[ G.R. No. L-55487, December 21, 1983 ]
THE PEOPLE OF THE PHILIPPINES, PLAINTIFF-APPELLEE, VS. DOMINGO BANASEN, DEFENDANT-APPELLANT.
D E C I S I O N
An appeal from the Decision of the then Court of First Instance of Pangasinan, Branch XI, in Criminal Case No. L-2081, convicting the accused, Domingo Banasen, of Murder and sentencing him to suffer the penalty of reclusion perpetua.
The People's evidence was summed up by the Trial Court as follows:
"The evidence for the prosecution tends to establish that at about 2:00 o'clock in the early morning of December 2, 1979, Leonardo Malong fetched Nemesio Gonzales, his brother-in-law. They were bound for Loob, Uyong, Labrador, Pangasinan to buy 'boho'. On their way, Nemesio Gonzales stopped to answer a call of nature. As Leonardo Malong walked ahead, Domingo Banasen suddenly appeared. Domingo Banasen, then and there, hacked away at Leonardo Malong with a bolo. (Exhibits 'B' and 'B-1').
Nemesia Gonzales got scared. He ran to Barangay Captain, Buenaventura Arenas of Uyong, Labrador, Pangasinan. He told the Barangay Captain about the incident. Later, Martha, Domingo Banasen's wife, arrived. She revealed that Leonardo Malong and her husband, Domingo, were fighting. Thereafter, Buenaventura Arenas and Nemesio Gonzales returned to the place of the incident. They came upon Leonardo Malong in a yard soaked in blood and lifeless. About thirty (30) to forty (40) meters away was Domingo Banasen's house.
Buenaventura Arenas returned home. He proceeded to report the matter to the police authorities at Labrador, Pangasinan. Nemesio Gonzales, on the other hand, proceeded to inform Leonardo Malong's wife of the incident.
Responding to Buenaventura Arenas' report, Patrolmen Camalao, Castillo and Isora of the Labrador, Pangasinan INP were ordered to conduct a spot investigation. At the scene of the crime, the investigators saw Leonardo Malong lying dead in a yard (Exhibit 'A-4') some thirty (30) to forty (40) meters away from Domingo Banasen's house (Exhibit 'A-2'). Patrolman Camalao prepared a sketch. (Exhibits 'A' and 'A-1'). There were bloodstains (Exhibits 'A-3', 'A-5', 'A-6', 'A-7') within the perimeter. There were also shreds of the skull. (Exhibit 'A-8'). Similarly, an inspection on Domingo Banasen's house revealed the presence of bloodstains on the flooring.
Further inquiries indicated that Domingo Banasen went to Loob, Uyong, Labrador, Pangasinan. So, the police authorities went over to the place. Here, they came upon Domingo Banasen hiding in a 'boho' groove. Identifying themselves, the police ordered Domingo Banasen to surrender. After a while, Domingo Banasen came out. He threw his bolo to the ground. (Exhibits 'B' and 'B-1'). Domingo Banasen was asked about Leonardo Malong's death. Domingo Banasen readily admitted causing the victim's death.
Domingo Banasen was brought to town. He was treated of his wounds on his hand and knee by the Municipal Health Officer. Thereafter, Domingo Banasen was lodged in jail."
The accused admitted authorship of the crime but claimed that he killed Leonardo Malong in defense of himself and of his wife's honor. His version of the event was summarized by the Trial Court in this wise:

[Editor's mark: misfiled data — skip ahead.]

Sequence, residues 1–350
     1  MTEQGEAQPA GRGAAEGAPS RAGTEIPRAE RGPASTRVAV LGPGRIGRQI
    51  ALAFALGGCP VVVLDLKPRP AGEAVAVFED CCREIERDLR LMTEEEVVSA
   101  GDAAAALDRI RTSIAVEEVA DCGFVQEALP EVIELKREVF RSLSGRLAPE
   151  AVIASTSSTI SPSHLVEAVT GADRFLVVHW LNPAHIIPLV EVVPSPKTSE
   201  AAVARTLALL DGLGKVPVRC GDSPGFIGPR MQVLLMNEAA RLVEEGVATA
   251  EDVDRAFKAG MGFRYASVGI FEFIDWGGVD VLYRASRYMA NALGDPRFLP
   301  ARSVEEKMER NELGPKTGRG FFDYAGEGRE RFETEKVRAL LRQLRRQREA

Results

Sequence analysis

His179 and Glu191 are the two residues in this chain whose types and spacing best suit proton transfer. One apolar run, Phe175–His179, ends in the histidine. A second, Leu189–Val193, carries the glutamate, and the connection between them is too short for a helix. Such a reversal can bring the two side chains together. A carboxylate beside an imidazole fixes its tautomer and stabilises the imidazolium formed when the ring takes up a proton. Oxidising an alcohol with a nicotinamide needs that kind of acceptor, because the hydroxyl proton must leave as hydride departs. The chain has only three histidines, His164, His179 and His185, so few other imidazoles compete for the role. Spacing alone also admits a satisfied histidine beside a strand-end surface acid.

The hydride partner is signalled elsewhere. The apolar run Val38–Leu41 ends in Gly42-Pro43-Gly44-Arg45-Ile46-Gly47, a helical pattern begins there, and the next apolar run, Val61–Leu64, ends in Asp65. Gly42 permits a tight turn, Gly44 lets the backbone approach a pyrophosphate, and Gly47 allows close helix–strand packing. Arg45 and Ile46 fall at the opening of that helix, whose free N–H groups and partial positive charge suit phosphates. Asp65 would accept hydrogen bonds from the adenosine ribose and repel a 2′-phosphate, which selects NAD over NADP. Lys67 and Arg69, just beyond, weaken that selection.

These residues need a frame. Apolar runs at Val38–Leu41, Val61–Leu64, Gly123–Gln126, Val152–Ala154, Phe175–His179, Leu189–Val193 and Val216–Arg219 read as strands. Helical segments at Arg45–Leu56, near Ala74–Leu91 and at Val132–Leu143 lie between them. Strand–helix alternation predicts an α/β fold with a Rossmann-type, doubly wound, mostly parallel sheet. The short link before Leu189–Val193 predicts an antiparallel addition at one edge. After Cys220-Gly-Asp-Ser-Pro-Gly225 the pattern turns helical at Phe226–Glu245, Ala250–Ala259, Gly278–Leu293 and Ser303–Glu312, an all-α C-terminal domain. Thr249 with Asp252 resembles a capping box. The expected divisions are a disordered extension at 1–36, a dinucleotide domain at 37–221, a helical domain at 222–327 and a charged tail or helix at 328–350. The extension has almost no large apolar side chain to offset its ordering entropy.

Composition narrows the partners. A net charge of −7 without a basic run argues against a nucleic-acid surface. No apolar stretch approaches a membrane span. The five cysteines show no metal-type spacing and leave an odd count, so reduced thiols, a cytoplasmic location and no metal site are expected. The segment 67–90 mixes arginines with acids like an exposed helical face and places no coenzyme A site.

"On the other hand, the evidence for the accused tends to show that at about 12:30 to 1:00 o'clock in the early morning of December 2, 1979, Domingo Banasen came home from the mountain at Imbo, Labrador, Pangasinan. He carried a sack full of palay. As he approached his house, he heard his wife crying. So, he silently went up the ladder. Then and there, he saw Leonardo Malong atop his (Banasen's) wife. Domingo Banasen confronted Leonardo Malong. Leonardo Malong immediately put on his pants and stood up. Then Leonardo Malong drew a bolo. He held Domingo Banasen's hair. Simultaneously, Leonardo Malong boloed Domingo Banasen on the left palm. This was followed by blows hitting Domingo Banasen on the left hand and knee. Thereafter, Domingo Banasen moved back. He also drew his bolo. He hacked away at Leonardo Malong first hitting his right wrist. As a result, Leonardo Malong's bolo fell. Leonardo Malong ran downstairs, Domingo Banasen gave chase. Once at the ground, Leonardo Malong held Domingo Banasen by the left arm. But Domingo Banasen extricated himself from Leonardo Malong's hold. There was a struggle. The protagonists sought to evade each other. But then, Leonardo Malong persisted at pursuing Domingo Banasen. So, Domingo Banasen boloed Leonardo Malong at the left hand. Domingo Banasen followed through. Leonardo Malong was hit in the forehead and the head. Leonardo Malong ran. Mockingly, he reminded Domingo Banasen of the earlier incident with Martha Banasen. Domingo Banasen got enraged. He could no longer control himself. So, he hacked away at Leonardo Malong. By then, the protogonists were already on the road.
Leonardo Malong fell dead. After a while, Domingo Banasen came to his senses. So, he dragged Leonardo Malong to a nearby yard. By now, the thought for repentance overcame Domingo Banasen. He pondered on his options on whether to go to the Municipal Building or to proceed to Loob, Labrador, Pangasinan where he had his relatives. He decided on going to his relatives. He intended to seek his relatives' assistance at surrendering at Alaminos, Pangasinan. His plans did not go through. Police authorities caught up with him at Loob, Labrador, Pangasinan. He gave himself up to the police. He also handed over his bolo.
Domingo Banasen was brought to the Municipal Building of Labrador, Pangasinan. He refused a formal investigation. He was treated of his wounds. (Exhibits '1' and '1-A')."